Patients read blogs too. “Oh, we tried a blog, but only had 25 subscribers.” Only 25? You mean those 25 people – human beings – don’t matter? What if a few of those readers were healthcare journalists or philanthropists or patients who are connected via their own communications platforms to thousands of others?

For that matter, what if you had 1? What if she’s the one person with a condition and she finds your content of immense and rare value? What if your content enables her to lead a better life, even if in some small way? Why would you refer to her as an ‘only’?

Nobody reads blogs. OK, well nobody reads your tweets. 🙂

You see, Twitter and Facebook and other streaming media create the illusion that longer form content doesn’t matter much anymore.

Actually: where do you think all that good stuff people share on Twitter and Facebook come from? Who do you think earns ROI (however it’s defined) from those tweets and other social streams? The fact is, many of the items shared on streaming media are links to…blog posts.

PROCESS IS POWER

You need three integrated things in today’s world in order to have any chance of having an audience: content, context and process. Content and context provide relevance – a no-brainer.

But you need process in order to deliver that relevance. If you have none of the skills required for blogging, then you won’t understand how to develop and execute the kinds of processes needed to properly execute whatever strategies you have. It’s that simple. Blogging is a skill, and it’s no longer just putting up content – it’s a process.

You don’t need a huge following on your blog. You do need to be good at content generation. Twitter and Facebook won’t do that – in fact, they’ll make you sloppy and lame if that’s all you do.

In today’s world, you do have to be swift in your interactions. But that’s a skill too, one best honed by the experiences of blogging. Too many agencies and clients have for too long forgone the education and skills-building that blogging provides.

I’m not saying you need a blog – I am saying you need the underlying skills. If you know another way to garnish those skills, more power to you.

YOUR BOAT ON THE ELECTRIC SEA OF INFINITY

You (or your client) don’t own Twitter or Facebook. You don’t own your tweets. You have no control over Twitter. No control over Facebook. You don’t even own your name on those services.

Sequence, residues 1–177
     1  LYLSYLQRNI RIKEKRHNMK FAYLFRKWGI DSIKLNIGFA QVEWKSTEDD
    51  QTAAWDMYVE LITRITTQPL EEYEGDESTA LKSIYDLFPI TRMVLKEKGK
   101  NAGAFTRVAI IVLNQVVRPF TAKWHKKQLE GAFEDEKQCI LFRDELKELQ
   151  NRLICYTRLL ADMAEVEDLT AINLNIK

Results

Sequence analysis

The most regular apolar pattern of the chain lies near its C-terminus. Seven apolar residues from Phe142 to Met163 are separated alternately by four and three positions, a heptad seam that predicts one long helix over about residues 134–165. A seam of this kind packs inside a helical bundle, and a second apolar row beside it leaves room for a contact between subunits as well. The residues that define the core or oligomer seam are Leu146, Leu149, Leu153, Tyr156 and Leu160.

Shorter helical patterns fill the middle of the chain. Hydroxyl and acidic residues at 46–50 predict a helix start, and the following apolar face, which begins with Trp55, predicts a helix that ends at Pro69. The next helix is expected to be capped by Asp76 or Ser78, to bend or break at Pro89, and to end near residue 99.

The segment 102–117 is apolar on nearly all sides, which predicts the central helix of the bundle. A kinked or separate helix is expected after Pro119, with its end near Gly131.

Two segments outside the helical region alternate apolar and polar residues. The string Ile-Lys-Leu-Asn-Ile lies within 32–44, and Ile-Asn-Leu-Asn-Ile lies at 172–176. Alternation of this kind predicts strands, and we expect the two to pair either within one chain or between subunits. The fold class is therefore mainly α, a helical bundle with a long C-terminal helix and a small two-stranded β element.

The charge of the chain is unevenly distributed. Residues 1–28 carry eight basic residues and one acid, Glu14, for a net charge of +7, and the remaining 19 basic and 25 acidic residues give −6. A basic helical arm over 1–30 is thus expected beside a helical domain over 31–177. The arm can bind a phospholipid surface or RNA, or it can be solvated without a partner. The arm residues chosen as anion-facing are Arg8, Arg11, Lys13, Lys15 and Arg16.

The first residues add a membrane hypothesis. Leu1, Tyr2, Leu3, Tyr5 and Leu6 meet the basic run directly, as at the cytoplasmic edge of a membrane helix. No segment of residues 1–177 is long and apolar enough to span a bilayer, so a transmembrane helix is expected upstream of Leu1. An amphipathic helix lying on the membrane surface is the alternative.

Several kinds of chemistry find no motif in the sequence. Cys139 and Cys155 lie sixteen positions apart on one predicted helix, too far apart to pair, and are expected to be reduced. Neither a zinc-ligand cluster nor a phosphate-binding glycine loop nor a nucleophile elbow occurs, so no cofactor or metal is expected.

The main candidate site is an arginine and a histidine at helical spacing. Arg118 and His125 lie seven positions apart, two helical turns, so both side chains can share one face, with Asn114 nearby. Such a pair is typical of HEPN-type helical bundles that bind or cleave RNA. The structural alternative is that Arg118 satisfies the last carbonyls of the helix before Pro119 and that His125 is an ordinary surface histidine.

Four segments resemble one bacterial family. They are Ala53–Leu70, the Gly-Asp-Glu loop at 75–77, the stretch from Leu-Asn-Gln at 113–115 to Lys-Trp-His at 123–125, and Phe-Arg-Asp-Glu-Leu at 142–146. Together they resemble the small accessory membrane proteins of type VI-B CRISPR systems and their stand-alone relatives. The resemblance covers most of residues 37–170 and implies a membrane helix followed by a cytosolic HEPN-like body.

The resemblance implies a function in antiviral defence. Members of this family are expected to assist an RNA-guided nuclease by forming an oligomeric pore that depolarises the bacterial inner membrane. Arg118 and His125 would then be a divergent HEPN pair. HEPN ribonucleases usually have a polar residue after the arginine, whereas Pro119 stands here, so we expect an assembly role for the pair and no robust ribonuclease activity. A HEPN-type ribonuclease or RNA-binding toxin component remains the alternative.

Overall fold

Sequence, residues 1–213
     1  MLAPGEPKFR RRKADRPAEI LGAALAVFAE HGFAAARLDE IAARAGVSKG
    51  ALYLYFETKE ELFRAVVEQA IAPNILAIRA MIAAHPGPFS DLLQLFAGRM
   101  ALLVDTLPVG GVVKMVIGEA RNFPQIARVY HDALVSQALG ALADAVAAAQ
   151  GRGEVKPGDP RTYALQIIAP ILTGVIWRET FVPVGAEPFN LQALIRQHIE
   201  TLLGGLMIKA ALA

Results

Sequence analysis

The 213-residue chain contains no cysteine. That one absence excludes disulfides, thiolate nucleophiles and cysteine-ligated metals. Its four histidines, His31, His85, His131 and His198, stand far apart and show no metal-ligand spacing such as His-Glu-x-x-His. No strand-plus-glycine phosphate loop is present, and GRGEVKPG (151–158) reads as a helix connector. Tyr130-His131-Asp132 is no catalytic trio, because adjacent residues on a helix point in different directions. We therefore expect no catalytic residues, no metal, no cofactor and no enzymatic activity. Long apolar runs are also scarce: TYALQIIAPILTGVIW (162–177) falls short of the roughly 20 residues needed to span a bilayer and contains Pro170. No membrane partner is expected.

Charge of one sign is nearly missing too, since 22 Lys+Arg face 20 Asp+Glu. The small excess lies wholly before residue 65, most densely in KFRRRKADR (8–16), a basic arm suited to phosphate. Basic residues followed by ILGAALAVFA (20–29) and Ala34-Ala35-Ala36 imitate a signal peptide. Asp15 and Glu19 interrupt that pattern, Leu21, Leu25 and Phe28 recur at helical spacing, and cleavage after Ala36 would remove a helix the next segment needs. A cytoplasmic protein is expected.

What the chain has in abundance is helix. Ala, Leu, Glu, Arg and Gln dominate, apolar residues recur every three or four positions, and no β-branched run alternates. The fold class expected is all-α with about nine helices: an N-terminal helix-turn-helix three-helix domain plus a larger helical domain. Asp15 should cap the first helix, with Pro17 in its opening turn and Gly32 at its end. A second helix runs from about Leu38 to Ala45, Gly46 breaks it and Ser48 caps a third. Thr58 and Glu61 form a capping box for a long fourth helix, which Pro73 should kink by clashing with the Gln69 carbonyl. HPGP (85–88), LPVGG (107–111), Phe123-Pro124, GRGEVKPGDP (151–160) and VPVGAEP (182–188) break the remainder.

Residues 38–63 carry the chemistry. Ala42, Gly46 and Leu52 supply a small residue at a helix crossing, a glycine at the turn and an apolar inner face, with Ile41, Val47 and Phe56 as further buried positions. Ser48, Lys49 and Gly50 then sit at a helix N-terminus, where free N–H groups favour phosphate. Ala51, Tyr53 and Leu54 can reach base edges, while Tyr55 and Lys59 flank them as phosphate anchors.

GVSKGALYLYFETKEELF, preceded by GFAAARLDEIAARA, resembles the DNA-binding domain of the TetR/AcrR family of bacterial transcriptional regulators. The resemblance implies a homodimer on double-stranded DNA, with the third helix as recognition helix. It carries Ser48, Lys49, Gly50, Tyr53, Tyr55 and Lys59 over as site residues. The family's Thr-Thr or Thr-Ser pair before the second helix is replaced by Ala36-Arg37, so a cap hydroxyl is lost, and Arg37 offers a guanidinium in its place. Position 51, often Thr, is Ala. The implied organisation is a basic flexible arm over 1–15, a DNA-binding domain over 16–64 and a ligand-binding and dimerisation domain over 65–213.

The only place you own on the Internet is your domain name. Why would you abandon the only thing in an uncontrollable world that you have some control over?

Why would not take advantage of the wide opportunities to produce an infinite combination of content – enduring and timeless content – that matters most to the very people you serve?

Don’t get taken in by get-rich schemes.

21st Century communications is an endurance feat, not a popularity contest.

Healthcare content is far too important to leave to Twitter and Facebook. You (or your client) are experts (I hope). If you are, I hope you know how to bring forth your expertise online.

There’s so much content in Healthcare and yet one of the most common questions is: But what do we talk about?

OMG – the amount of topic is more than one organization can ever cover. So the opportunities are wide open!

Twitter and Facebook and other social media have value, don’t get me wrong: but without a home-base of your own, you’re missing a key ingredient in your online presence. Kind of like apple pie without real apples.

The Internet is the Electric Sea of Infinity: it’s easy to get shocked and tossed and drowned if you don’t have the right kind of boat.

A well-written and engaging blog is about the only place on the Sea of Infinity where you can build a boat with an anchor.

@PhilBaumann@HealthIsSocial

In future posts and Webinars, I’ll discuss more about healthcare blogging because I think it’s an ignored topic.